DN Staff

October 3, 2014

4 Min Read
Custom Wooden Boats Are Eminently Functional

When you're in the custom transportation business and designing cars, planes, or boats to meet one person's needs, taste, or budget, you never know what's going to come through the door next.

That's the challenge facing Van Dam Custom Boats of Boyne City, Mich., but it's one the company relishes. As design engineer Michel Berryer explains, "Each new client walks through the door with a dream, and it's up to us to make that dream happen."

With a naval architect, Principal Ben Van Dam, and Berryer on staff, the company has the ability to create a world-class custom wooden boat or yacht, regardless of its complexity. A team of 10 to 12 skilled boat builders work on two to four boats a year, depending on the size. Every boat is different, but each fulfills a vision. "We're not a cookie cutter company. We're not building 20 of one model. And the shapes we achieve with wood blow people's minds," Berryer said. "I think everybody recognizes that wood really only likes to bend in one direction, it doesn't like to bend in two -- but we seem to do that every day of the week. People scratch their heads and ask themselves, 'How did they do that?'"

The answer: It's a process called cold molding, in which a room-temperature cure epoxy adhesive is used to laminate thin layers of wood to create the large structural members of the hull and the hull itself. The company engineers all the structural members, joints, and skins this way to create a wooden boat that is strong, durable, and stable.

Click on the Van Dam custom boat below to start the slideshow.


State-of-the-art computer aided design programs are incorporated throughout the planning and building process, and metal fabrication and mechanical systems are assembled on site.

As Berryer and team embark on a new boat or yacht design, they must first decide which technique they will use to build the structural framework. This is because there are several approaches that can emphasize either the longitudinal or the transverse framing, or both. The team studies the various conditions the vessel will encounter, and the overall style of the boat, and then decides which framing system will work best. This structure is then integrated into the design using 3D CAD software.

This same software enables the team to generate full-size patterns that are accurate to a few thousandths of an inch so that they can map out the boat's framework, mechanical systems, and seating. They also use the data to CNC-machine custom fittings and hardware.

Each boat is engineered to take advantage of wood as a unidirectional fiber, because the material is much stronger along the grain than it is across the grain. The team hand selects each piece of lumber, looking for characteristics that might dictate whether it is used for structure, cosmetics, or, in some cases, both. Inside or out, the joinery and structures are never hidden from view, so the wood must always be expertly fit and finished.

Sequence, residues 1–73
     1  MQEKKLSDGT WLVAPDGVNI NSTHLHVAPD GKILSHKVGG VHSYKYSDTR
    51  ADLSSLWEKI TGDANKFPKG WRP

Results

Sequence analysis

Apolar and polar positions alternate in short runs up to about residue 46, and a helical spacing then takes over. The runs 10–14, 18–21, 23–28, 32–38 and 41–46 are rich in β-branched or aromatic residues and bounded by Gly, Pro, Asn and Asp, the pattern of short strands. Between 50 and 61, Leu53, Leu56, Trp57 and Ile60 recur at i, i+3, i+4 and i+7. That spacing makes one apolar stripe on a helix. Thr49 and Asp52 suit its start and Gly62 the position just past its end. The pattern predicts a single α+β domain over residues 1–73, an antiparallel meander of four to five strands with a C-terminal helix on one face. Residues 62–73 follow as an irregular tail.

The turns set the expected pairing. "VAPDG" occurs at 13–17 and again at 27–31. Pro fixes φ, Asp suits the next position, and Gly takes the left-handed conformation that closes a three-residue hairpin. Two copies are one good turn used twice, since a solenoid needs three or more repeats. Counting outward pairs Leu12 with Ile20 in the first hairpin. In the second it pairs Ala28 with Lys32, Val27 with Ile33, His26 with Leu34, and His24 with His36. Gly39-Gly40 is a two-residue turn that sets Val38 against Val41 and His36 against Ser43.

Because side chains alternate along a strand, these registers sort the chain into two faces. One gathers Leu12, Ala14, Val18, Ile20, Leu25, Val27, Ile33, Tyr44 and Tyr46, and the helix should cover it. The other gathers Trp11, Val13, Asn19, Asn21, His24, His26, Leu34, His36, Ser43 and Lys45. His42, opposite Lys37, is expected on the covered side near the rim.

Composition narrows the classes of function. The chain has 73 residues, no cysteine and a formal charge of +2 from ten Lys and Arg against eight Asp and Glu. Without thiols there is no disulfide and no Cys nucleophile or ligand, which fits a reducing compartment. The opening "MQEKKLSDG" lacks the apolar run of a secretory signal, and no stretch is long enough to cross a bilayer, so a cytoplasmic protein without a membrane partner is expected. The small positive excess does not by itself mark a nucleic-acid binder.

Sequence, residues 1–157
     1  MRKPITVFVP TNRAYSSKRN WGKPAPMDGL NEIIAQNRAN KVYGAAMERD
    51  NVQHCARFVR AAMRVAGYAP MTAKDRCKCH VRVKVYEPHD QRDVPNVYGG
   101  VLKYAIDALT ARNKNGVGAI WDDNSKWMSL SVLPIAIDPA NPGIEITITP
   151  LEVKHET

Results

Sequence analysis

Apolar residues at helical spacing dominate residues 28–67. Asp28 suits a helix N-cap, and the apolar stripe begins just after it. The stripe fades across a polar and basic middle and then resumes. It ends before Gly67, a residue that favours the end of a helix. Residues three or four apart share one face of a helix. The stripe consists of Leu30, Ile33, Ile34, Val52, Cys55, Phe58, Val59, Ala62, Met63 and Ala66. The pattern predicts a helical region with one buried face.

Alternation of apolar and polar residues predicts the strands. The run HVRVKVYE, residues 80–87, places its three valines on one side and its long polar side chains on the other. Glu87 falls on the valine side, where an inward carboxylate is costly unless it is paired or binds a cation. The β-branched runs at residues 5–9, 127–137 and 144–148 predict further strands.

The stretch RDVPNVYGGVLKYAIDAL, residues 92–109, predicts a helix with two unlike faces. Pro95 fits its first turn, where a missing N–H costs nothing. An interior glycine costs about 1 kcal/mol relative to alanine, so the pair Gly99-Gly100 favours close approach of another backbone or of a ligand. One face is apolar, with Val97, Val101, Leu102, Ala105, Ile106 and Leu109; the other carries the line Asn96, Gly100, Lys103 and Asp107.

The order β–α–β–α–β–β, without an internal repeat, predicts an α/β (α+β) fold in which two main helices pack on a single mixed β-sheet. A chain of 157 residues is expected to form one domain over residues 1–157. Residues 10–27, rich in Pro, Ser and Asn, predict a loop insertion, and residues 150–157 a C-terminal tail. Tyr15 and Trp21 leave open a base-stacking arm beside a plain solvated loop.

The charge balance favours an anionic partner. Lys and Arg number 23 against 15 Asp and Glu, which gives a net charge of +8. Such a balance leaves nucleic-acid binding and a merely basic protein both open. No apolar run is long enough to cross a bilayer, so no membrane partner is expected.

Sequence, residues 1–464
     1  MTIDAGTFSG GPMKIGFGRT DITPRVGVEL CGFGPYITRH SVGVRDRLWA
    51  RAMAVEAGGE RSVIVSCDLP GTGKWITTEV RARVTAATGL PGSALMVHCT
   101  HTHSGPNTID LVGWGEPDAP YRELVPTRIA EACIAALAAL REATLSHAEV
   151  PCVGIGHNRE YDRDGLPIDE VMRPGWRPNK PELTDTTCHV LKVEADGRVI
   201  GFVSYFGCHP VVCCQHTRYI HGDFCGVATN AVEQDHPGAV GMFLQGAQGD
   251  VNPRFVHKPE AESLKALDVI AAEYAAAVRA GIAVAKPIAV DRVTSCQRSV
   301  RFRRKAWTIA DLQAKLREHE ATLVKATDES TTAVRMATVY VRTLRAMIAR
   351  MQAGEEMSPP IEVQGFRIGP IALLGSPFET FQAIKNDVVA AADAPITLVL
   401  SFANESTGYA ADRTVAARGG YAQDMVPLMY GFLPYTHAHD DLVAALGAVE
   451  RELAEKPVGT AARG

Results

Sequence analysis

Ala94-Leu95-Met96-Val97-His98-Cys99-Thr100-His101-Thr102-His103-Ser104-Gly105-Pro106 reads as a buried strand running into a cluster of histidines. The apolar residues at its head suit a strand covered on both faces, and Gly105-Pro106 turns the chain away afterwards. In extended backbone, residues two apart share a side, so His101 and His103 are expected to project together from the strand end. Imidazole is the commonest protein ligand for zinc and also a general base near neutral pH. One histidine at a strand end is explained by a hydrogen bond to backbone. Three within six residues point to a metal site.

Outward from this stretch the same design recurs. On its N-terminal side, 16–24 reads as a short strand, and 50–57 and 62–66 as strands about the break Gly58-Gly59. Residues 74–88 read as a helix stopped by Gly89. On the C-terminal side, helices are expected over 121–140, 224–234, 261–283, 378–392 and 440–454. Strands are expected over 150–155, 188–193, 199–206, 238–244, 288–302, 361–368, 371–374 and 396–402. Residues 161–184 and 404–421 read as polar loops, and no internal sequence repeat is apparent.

While the Van Dam team is skilled in woodcraft, they also possess the skill and the equipment to fabricate custom fittings in stainless steel or aluminum on site. These combine artistry with functionality and can range from polished cutwaters to propeller shaft struts, and everything in between.

Berryer said he first came across igus plastic bushings and plain bearings during a stint working for General Motors. When President Steve Van Dam hired him almost 20 years ago, Berryer reinvested that knowledge, and today installs igus components on every vessel he sends out the door.

Primarily, he says he uses them wherever he needs smooth operation for a moving part of some description, such as several bar linkages, or wherever he requires some kind of isolation between two metal components. He designed a custom set of trim tabs for the boat he's currently working on and they are festooned with igus bushings to isolate the pivot shaft from the base metal, so there's no metal-on-metal rotating surface.

Some boats naturally have more applications than others, such as opening and closing doors, raising and lowering seats. The more complex the requested feature, the more bearings are installed. Berryer recently specified igus' DryLin linear slides for an application to allow a hatch to index back and forth on a gear motor using a rack and pinion.

Michael Hardy is marketing manager for igus.

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